During my career I have been lucky enough to conduct red team exercises and defended against them. Recently I’ve witnessed many security practitioners do not comprehend the amount of time required to thoroughly investigate red team exercises.
To address this I decided to present this year to educate people on the challenges. This talk was an attempt to use minimal slides in an effort to improve my presentation skills, it’s why you’ll see me stumble a bit.
Some of the takeaways:
- Purple team exercises will always produce better output than Red team exercises alone.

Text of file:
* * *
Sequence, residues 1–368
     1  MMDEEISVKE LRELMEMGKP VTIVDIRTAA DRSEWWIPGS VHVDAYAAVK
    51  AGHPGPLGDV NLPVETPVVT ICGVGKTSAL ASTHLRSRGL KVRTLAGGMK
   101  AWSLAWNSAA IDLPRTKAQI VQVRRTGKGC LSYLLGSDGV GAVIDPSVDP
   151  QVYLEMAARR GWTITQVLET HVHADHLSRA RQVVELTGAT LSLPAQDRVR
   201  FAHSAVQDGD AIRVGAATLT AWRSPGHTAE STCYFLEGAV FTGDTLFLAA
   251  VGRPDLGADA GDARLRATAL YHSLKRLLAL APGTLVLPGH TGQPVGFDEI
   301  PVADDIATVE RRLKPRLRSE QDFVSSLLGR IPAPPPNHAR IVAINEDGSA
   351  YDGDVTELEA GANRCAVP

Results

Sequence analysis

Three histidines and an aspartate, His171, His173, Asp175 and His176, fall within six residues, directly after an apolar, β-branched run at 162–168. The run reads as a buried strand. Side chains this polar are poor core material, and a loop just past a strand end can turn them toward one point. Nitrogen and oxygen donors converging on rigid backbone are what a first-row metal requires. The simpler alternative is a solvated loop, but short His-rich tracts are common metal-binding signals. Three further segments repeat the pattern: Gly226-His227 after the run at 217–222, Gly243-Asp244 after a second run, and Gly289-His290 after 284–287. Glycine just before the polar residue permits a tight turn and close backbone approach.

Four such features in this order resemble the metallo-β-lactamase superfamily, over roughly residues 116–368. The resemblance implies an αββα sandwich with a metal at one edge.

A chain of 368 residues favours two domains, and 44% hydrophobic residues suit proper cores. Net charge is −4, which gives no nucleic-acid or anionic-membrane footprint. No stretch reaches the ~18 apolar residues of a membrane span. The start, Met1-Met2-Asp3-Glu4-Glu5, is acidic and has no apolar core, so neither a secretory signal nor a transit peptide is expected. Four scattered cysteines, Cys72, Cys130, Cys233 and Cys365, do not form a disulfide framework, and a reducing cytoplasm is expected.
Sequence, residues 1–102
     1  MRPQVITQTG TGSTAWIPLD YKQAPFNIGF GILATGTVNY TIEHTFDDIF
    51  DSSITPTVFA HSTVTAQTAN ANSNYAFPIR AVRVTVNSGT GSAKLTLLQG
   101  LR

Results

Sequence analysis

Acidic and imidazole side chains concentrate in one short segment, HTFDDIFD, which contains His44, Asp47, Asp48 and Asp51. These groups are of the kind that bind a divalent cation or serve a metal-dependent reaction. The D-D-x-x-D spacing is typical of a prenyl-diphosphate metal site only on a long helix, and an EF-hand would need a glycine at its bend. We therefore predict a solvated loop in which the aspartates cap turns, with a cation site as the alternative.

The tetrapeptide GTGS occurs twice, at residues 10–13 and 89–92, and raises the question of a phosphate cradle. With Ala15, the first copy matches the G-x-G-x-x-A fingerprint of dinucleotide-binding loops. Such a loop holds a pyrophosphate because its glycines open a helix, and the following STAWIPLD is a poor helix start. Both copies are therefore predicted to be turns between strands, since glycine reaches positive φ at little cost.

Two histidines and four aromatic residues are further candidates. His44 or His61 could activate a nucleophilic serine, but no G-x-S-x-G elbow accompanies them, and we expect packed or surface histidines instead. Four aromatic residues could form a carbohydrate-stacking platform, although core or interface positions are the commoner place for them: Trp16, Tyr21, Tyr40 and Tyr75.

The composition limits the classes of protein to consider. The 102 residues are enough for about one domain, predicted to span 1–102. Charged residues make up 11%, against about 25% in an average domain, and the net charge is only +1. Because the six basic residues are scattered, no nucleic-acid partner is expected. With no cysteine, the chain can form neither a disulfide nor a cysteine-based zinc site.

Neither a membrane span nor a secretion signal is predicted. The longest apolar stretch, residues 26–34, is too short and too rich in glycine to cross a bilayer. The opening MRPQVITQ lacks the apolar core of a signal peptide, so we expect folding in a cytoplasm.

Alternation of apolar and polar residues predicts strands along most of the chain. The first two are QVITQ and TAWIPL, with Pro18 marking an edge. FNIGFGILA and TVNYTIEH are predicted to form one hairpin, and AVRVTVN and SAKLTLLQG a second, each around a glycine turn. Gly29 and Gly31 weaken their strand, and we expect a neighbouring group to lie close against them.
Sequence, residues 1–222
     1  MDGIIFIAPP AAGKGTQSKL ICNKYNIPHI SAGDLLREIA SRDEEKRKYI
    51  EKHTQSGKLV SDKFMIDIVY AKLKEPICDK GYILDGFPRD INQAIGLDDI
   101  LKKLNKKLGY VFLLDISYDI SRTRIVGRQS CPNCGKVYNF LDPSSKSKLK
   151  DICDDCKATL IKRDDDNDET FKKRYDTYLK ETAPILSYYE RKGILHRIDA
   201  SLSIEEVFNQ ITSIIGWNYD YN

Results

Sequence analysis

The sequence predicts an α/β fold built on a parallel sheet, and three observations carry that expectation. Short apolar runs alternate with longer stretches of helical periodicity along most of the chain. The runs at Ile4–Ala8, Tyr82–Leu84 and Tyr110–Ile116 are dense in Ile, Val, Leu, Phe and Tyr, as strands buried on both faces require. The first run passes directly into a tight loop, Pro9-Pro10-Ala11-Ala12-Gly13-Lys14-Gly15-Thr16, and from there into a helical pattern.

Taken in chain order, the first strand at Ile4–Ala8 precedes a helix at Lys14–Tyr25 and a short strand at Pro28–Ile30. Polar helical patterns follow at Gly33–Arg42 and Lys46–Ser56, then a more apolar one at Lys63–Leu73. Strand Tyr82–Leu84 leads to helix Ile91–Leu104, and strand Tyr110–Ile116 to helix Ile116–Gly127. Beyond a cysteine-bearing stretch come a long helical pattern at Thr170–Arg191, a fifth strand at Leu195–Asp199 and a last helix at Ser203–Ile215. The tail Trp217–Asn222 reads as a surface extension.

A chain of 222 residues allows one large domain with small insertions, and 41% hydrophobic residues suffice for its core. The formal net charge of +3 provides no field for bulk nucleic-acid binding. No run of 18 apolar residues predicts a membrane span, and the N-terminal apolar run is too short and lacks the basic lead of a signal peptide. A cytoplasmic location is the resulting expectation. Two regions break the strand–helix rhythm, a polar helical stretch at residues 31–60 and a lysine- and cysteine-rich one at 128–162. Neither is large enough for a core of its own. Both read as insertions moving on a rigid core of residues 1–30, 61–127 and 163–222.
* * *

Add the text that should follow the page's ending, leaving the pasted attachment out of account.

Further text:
- Fake accounts / Canary Tokens can be used as warning signals for upcoming attacks.
- Write alerts for common tool signatures, for example, NMAP’s default user agent string.
- Watch for quieter external scans coming from a single IP address, more likely reflects an actual attacker vs bots scanning.
- If multiple internal hosts on the same subnet are reporting they blocked port scanning activity its probably something you should look into.
- Run an internal sinkhole. Can be noisy but very useful.
- Focus on the basics.
- Use only ISO 8601 timestamps please!
- Watch the video above for a few more…
I’ve been lucky enough to attend and present at a few conferences earlier this year including Crikeycon, Tuskcon and the first ever Brisbane Bsides. Hopefully in future I can present more and improve my skills.
Feel free to reach out if you would like to discuss anything I covered.